Quote: “The way to stop discrimination on the basis of race is to stop discriminating on the basis of race.” Supreme Court Chief Justice John Roberts
Figure of Speech: antistasis (an-TIS-stah-sis), the repeat that changes meaning. From the Greek, meaning “opposite stance.”
In yet another 5-4 decision, the Supremes ruled that quotas cannot be used as a factor to increase racial diversity in schools. Chief Justice Roberts, the court’s reigning master of figures, uses a powerful antistasis to support his side. The figure repeats a word, phrase or clause in a way that transforms the meaning.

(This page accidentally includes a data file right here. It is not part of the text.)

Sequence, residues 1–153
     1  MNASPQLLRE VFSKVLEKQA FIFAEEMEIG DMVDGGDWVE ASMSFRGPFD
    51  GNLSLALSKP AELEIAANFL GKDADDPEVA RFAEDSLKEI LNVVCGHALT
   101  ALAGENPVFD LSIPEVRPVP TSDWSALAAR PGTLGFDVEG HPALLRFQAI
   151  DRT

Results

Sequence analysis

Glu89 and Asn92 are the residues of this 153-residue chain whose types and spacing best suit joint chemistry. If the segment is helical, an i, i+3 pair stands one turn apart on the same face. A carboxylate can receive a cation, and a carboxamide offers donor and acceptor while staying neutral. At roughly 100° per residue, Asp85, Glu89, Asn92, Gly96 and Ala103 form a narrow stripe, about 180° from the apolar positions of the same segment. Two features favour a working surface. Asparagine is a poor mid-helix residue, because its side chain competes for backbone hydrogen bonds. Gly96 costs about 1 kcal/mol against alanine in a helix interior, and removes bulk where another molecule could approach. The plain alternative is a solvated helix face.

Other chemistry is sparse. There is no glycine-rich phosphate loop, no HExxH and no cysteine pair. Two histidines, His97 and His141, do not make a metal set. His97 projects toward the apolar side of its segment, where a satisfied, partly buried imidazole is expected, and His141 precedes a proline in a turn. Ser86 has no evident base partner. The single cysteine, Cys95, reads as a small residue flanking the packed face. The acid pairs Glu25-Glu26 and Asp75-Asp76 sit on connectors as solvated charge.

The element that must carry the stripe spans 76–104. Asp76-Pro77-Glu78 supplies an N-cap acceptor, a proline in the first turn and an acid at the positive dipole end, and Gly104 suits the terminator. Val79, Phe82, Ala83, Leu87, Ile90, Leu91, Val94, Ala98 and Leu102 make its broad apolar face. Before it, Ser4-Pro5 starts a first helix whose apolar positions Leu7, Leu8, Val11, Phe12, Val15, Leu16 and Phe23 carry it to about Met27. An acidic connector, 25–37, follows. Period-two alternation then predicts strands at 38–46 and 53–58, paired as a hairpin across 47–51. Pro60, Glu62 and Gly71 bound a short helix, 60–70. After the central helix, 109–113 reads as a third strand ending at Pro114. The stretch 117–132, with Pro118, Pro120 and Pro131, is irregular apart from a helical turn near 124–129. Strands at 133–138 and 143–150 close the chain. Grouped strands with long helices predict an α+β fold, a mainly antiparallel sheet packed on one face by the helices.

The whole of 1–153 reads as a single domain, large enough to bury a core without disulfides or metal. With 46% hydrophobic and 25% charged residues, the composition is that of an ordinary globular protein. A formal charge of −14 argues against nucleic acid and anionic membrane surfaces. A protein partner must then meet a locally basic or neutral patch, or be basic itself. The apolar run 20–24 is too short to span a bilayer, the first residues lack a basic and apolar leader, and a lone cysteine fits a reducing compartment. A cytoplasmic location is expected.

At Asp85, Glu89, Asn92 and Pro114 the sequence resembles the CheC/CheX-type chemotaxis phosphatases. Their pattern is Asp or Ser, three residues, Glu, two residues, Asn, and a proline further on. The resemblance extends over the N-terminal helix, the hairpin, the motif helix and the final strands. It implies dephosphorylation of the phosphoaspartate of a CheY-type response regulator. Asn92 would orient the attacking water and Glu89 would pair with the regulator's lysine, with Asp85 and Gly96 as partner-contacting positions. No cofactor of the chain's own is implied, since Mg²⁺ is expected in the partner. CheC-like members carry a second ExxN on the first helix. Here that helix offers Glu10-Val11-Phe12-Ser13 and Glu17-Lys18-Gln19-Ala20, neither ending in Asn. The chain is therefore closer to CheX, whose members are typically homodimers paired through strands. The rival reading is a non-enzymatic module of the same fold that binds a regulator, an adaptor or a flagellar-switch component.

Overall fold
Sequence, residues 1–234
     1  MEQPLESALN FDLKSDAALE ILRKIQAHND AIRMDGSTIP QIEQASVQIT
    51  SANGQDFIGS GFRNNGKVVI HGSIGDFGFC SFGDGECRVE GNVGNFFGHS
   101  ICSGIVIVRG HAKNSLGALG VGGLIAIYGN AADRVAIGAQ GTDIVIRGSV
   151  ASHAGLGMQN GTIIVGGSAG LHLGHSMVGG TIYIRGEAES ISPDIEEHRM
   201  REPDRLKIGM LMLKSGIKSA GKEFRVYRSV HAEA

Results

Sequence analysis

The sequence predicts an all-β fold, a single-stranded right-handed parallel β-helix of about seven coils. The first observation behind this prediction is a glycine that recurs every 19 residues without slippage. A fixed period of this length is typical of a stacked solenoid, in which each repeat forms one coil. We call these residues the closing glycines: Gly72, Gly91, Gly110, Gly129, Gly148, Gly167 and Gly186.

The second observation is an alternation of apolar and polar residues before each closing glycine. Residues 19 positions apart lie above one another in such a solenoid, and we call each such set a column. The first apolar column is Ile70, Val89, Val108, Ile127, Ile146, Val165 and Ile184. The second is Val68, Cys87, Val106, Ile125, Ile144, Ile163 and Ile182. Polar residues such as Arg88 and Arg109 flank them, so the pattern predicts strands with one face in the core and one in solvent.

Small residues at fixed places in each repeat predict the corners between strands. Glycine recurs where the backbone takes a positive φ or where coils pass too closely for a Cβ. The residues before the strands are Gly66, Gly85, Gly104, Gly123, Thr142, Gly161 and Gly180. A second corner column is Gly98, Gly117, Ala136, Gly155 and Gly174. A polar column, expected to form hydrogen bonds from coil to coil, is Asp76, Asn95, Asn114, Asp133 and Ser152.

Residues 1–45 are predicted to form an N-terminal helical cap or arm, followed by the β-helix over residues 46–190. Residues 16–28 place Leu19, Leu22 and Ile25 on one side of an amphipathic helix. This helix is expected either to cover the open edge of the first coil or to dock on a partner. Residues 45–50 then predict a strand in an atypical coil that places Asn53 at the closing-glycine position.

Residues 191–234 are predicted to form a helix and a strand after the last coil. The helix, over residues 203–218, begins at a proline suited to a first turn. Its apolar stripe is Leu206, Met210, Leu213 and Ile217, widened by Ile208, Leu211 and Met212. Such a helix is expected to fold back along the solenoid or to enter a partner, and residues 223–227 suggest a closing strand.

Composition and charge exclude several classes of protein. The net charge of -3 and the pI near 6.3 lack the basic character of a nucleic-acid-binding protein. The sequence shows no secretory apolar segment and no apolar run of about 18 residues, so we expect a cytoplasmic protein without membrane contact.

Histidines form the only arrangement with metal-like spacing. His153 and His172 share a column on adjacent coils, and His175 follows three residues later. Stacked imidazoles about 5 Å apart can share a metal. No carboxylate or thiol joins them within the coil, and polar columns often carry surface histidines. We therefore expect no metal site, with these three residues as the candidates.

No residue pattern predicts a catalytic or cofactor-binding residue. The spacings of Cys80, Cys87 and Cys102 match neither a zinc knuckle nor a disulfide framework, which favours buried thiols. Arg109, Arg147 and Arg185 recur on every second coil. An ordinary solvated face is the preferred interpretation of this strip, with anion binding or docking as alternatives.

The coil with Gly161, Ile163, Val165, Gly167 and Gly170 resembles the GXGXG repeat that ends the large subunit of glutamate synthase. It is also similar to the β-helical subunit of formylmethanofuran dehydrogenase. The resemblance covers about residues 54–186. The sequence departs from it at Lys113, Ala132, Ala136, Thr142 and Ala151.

If you want to stop discrimination — meaning the historically unfair treatment of racial minorities — then stop discriminating. But in this second clause, discrimination suddenly becomes something very different. It’s not discrimination against minorities but for them. Roberts cleverly uses Americans’ belief that discrimination is bad to make a case against racial quotas.
Is that an undiscriminating use of “discrimination”? Perhaps. But it more than meets Figaro’s daily figures quota.
Snappy Answer: “So the best way to help minorities is to stop helping minorities?”